Prop-a-Day: Who Likes Sex Trafficking?

by Mark Wilson

California allows citizens to legislate by way of an initiative system that bypasses the General Assembly to pass laws. This initiative system allows a simple majority of voters to do really dumb things. Former California Supreme Court Chief Justice Ronald George has said that it is this initiative system that makes California’s government “dysfunctional.” Hopefully these articles will give Californians more information than can be found in apocalyptic television ads.

Who could possibly be against heightened penalties for sex trafficking? Local alt-weekly San Francisco Bay Guardian, for one. But it’s not that SFBG likes forced prostitution; they’re concerned that the law is overbroad. It isn’t, but one provision makes me queasy.

Proposition 35 increases the criminal penalties for forced sex trafficking. It also adds a provision to the Evidence Code prohibiting the use of a victim’s history of being a human trafficking victim to attack the victim’s credibility. There’s already a similar provision in the Evidence Code that prohibits using a victim’s past sexual history in a rape case, but that’s applicable only to rape cases. The proposition would also require a person convicted of human trafficking to register as a sex offender.

SFBG is concerned that potentially anyone could be hauled in for sex trafficking. For example:

The act defines that phrase as “substantial and sustained restriction of another’s liberty accomplished through force, fear, fraud, deceit, coercion, violence, duress, menace, or threat of unlawful injury to the victim or to another person.”

All of the words on that list, of course, have their own legal definitions. Coercion, for example, is defined in part as “the provision and facilitation of any controlled substance to a person with the intent to impair said person’s judgment.”

So if a prostitute shares a joint with fellow worker, she could be guilty of providing a controlled substance, meaning she could be guilty of coercion, meaning she could be guilty of depriving personal liberty. That means triggering the harsh penalties for trafficking. And even if the person isn’t likely to be convicted, the possibility of a draconian sentence could force her to accept a plea bargain.

SFBG ignores, however, the words before “coercion”: “with the intent to effect or maintain a violation of” several Penal Code provisions. Sex trafficking is a specific intent crime, which means that just giving someone a joint isn’t enough to qualify. A person must have given a sex worker a joint with the intent to maintain a violation of” whatever the offense is. SFBG‘s own “parade of horribles” is just as lengthy as the parade that it assigns to supporters of Prop. 35.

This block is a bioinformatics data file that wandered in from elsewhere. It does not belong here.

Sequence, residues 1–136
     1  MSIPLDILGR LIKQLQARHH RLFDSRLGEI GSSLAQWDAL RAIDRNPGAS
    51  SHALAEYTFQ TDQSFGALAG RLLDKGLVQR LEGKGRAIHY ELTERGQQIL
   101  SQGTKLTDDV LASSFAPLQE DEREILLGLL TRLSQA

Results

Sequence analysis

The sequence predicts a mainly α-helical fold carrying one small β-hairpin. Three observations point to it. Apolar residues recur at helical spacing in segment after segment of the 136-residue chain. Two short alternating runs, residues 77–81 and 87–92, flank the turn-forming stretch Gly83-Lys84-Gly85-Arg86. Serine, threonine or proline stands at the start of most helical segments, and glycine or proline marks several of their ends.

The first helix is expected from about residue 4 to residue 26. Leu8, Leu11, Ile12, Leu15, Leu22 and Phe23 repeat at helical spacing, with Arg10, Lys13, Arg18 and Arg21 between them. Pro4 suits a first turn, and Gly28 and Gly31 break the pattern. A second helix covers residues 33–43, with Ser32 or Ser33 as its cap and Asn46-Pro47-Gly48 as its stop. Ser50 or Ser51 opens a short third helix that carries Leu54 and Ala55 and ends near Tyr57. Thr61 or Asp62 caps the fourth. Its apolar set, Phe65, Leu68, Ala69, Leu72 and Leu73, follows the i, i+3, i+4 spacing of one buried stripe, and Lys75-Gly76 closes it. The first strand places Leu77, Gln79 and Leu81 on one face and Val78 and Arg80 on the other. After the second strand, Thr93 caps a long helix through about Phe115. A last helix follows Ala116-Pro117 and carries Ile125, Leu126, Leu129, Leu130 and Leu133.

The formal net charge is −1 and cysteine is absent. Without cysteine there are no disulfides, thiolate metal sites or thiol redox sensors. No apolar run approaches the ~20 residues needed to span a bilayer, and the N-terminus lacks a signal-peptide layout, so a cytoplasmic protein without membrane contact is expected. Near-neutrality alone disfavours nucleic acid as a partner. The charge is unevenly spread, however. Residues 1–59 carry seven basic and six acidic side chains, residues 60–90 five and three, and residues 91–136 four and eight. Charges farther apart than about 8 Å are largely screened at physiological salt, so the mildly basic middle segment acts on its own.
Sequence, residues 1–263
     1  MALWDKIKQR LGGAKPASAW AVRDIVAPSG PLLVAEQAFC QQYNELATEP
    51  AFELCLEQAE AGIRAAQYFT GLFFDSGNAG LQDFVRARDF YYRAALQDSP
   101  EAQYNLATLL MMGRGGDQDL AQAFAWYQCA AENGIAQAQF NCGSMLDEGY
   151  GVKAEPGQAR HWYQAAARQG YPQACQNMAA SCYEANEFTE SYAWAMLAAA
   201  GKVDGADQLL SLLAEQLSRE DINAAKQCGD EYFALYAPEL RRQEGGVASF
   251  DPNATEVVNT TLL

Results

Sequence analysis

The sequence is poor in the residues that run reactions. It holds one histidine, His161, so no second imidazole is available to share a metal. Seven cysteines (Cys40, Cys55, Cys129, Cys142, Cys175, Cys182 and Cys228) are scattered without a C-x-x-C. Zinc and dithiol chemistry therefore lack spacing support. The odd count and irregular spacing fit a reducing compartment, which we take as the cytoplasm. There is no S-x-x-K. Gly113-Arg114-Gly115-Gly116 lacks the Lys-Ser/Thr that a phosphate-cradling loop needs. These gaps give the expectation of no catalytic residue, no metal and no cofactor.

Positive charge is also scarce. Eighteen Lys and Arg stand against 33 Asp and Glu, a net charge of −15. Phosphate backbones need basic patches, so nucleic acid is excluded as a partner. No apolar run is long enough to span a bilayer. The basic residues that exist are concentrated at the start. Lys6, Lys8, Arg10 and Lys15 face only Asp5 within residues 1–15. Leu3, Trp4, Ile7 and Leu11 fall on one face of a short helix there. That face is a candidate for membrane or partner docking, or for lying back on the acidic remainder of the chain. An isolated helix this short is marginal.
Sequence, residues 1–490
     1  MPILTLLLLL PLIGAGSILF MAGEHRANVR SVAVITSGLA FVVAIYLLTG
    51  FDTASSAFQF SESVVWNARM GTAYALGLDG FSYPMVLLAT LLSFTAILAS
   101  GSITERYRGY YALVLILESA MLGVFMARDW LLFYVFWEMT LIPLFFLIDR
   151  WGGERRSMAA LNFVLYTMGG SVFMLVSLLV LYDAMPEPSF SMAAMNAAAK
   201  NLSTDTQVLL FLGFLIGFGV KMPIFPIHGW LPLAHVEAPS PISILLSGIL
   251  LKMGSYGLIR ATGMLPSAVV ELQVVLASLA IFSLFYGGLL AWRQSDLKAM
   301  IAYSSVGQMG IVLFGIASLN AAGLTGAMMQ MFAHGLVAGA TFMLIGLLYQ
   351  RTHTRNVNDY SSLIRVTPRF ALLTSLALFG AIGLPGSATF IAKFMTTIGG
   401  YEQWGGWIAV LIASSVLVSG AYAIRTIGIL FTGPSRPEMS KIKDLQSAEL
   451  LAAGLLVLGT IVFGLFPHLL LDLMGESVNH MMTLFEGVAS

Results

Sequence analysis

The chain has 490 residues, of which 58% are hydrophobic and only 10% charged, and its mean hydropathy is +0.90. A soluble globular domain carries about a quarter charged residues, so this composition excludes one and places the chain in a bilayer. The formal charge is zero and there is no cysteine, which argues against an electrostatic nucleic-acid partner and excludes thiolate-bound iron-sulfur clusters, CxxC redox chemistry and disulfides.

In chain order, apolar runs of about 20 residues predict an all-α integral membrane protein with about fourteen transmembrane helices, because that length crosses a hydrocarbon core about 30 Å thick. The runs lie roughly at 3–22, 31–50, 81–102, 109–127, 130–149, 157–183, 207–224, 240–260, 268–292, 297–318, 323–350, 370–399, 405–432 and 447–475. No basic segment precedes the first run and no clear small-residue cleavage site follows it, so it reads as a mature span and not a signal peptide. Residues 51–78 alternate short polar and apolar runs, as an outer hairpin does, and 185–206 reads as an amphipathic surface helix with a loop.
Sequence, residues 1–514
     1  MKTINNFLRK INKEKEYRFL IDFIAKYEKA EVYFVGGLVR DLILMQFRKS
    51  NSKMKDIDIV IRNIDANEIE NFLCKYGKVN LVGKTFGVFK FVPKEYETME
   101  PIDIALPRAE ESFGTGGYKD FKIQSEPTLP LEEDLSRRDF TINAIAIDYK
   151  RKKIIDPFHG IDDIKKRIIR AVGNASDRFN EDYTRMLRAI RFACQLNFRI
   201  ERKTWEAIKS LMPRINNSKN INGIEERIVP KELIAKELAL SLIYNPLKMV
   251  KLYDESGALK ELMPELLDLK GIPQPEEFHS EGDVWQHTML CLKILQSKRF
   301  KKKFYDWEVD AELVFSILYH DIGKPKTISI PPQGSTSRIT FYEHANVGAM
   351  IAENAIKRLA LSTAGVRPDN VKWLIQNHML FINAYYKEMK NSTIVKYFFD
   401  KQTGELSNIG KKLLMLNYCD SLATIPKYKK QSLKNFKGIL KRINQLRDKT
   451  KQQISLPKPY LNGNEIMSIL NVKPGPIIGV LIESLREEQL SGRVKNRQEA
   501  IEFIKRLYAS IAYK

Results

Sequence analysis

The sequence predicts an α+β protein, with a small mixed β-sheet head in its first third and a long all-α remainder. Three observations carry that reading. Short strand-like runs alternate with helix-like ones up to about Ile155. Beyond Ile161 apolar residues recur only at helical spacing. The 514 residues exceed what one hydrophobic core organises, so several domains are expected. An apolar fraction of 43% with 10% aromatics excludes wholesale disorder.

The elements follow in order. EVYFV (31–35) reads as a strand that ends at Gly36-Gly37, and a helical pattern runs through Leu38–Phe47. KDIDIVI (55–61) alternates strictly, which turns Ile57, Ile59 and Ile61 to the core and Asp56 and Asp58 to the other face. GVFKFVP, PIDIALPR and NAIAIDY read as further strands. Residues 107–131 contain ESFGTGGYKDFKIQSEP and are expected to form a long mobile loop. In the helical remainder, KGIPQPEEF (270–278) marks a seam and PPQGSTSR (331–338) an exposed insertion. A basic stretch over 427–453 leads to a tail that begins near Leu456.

Here’s the problem with Prop. 35: wholly unrelated to sex trafficking, Prop. 35 requires that all registered sex offenders who “change[] [their] account[s] with an Internet service provider or add[] or change[] an Internet identifier [. . .] shall send written notice of the addition or change to the law enforcement agency or agencies with which [they are] currently registered within 24 hours.” That’s a little much, don’t you think? Here’s what these words mean:

(a) “Internet service provider” means a business, organization, or other entity providing a computer and communications facility directly to consumers through which a person may obtain access to the Internet. An Internet service provider does not include a business, organization, or other entity that provides only telecommunications services, cable services, or video services, or any system operated or services offered by a library or educational institution.

(b) “Internet identifier” means an electronic mail address, user name, screen name, or similar identifier used for the purpose of Internet forum discussions, Internet chat room discussions, instant messaging, social networking, or similar Internet communication.

Sex offenders already have plenty of restrictions. When you’re convicted of a litany of sex-related offenses (though, curiously, notPenal Code § 261.5, unlawful sexual intercourse with a person under 18), the State makes you register as a sex offender for the rest of your life while residing in California. Additionally, if you reside on any of the Cal State, University of California, or community college campuses, you have to notify the police there within 5 days of arriving. When you move, you have to register with the police in your new city. If you have multiple residences, you have to register in each jurisdiction where the residences are located. Transients must register every 30 days. Sex offenders have to update their file every year within 5 days of their birthday or risk criminal sanctions.

Certainly some sex offenders should be required to register for life. Others, not so much. Especially in light of the disparate treatment given to violators of § 261.5 and everyone else; in a seminal case from the California Supreme Court called People v. Hofsheier, the Court found that requiring a person to register as a sex offender for “voluntary oral copulation,” while not requiring the same for arguably worse conduct, violates the Equal Protection Clause of the U.S. Constitution. Some people are predators. Other people are just dumb. With the bizarre exception of § 261.5, California’s sex offender registration system takes a cudgel to the problem.

Prop. 35, though well-meaning, takes that even further. Now, a sex offender can be put back into jail for failing to update a screenname within 24 hours. You can vote no on Prop. 35. Human trafficking laws are sufficient as they are.

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